Mark 11:11-26

The Bible presents us with four questions: In Genesis we are presented with first”Where are you? Where is your brother? In the Gospels: Jesus asks: “Who do you say that I am am?” and “What do you want me to do for you?”

These four questions are questions that we struggle with all of our lives. And as we answer them they determine the quality of life that we live, and how we treat others.

Yesterday we spent time with a gentleman who shared that his daughter was given an over dose of drugs by a man, and died, and that he killed the man.  He refused prayer because he was “unworthy.” and now as “guilty” as the man who killed his daughter.

It was also announced yesterday by the Attorney General of the United States that the death penalty would be sought in the case of Dylan Roof.

For us the first two questions echo here: “Who are we?” and “Who is our brother?”  Our understanding of the Gospel is that our identity is found in God, and from that identity we are to love our neighbor as ourselves.  We are not to seek vengeance.  Secondly “Who is our brother?”  Again the Gospels are clear our brother and our sister are every human being, every creature, and only God can take or allow a life to be taken. And the answer for the second two questions are in affirming that life is a gift, that we are blessed to have life, and that only God can take that life, and that we are called to love each other.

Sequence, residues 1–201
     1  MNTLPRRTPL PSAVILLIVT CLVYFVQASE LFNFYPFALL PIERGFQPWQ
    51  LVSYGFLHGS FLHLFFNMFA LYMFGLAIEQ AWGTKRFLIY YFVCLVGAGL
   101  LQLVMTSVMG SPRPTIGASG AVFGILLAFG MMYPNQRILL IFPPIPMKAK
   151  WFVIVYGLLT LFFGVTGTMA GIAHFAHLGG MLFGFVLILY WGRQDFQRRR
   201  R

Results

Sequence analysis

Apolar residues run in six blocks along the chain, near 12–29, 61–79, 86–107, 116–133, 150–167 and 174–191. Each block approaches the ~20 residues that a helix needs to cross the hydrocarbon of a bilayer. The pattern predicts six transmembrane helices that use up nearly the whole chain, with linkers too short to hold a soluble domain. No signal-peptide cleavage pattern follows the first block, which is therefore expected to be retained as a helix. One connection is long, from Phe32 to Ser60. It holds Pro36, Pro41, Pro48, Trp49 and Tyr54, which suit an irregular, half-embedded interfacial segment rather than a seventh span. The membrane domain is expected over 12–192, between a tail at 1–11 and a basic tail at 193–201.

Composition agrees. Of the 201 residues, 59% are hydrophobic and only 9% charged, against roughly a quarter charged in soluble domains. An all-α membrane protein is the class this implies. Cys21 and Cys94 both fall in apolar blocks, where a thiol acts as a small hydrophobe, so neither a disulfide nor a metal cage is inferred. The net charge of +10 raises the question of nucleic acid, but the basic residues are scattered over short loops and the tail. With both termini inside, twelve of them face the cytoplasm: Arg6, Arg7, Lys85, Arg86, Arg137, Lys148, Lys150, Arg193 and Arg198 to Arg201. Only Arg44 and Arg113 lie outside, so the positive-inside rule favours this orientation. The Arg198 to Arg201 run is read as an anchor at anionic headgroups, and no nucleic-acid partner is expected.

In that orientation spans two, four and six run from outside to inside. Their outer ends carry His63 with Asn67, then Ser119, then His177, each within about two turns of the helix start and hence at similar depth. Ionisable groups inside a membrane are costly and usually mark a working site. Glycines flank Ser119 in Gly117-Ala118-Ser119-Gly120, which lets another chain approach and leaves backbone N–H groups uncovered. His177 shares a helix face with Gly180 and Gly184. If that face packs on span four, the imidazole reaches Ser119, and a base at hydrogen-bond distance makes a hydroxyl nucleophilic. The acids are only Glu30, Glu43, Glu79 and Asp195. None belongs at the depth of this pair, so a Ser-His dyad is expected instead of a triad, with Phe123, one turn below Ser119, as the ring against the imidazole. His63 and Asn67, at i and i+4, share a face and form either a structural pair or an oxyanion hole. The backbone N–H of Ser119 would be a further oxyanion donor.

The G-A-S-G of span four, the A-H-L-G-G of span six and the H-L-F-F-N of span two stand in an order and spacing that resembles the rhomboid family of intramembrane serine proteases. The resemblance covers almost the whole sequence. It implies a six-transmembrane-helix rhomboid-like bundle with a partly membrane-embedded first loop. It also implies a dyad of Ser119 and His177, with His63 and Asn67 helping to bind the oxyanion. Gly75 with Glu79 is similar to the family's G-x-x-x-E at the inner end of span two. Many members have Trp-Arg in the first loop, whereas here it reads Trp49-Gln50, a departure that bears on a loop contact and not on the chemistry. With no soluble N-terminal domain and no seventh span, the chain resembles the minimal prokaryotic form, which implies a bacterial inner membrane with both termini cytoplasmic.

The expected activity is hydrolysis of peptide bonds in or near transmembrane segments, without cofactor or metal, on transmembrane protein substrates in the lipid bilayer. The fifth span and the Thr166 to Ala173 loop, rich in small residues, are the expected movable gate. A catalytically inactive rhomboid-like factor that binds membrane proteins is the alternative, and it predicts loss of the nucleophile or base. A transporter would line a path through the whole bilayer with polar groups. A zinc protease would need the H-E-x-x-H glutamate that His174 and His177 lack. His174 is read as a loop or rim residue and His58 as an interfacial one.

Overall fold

For when we take a life, we damage ourselves like our friend yesterday, we tarnish our souls, and lose our sense of wholeness.

One of my favorite quotes is “To seek justice, but to have mercy.”  When we commit wrongs we suffer the consequences, but in those consequences there should be mercy. 

Dylan is barely of age, his brain is not fully developed,  he was raised in a dysfunctional family, in a culture of racism, and of violence.  He has not ha a chance from day one.  To be given life without parole would give him a chance, to live with his crimes, and in living with them to come to awareness of the enormity of what he has done, and to repent, to change, to grow, to develop.

The first gentleman–who knows the true story, because he has long term addiction and mental illness–will be tortured for the rest of his life with guilt–it will drive him deeper into drug use.

The second two questions sum it up for us “Who do you day that  am?” and “What do you want me to do for you?” speaks to us in that we  affirm Jesus as the  one who love us, and as a  Savior who leads us to salvation.  Savalation–for us means from ourselves, to give us a new quality of life. And that means we love each other, treat each other equally, and let God ultimately be the judge.

Those four questions determine how we approach life, and the last two are how God approaches us–with mercy, with forgiveness. Let God determine who should die. Let us live in God’s time. Deo Gratias! Thanks be to God!

Fr. River Damien Sims

Temenos Catholic Worker

P.O. Box 642656

San Francisco, CA 94164


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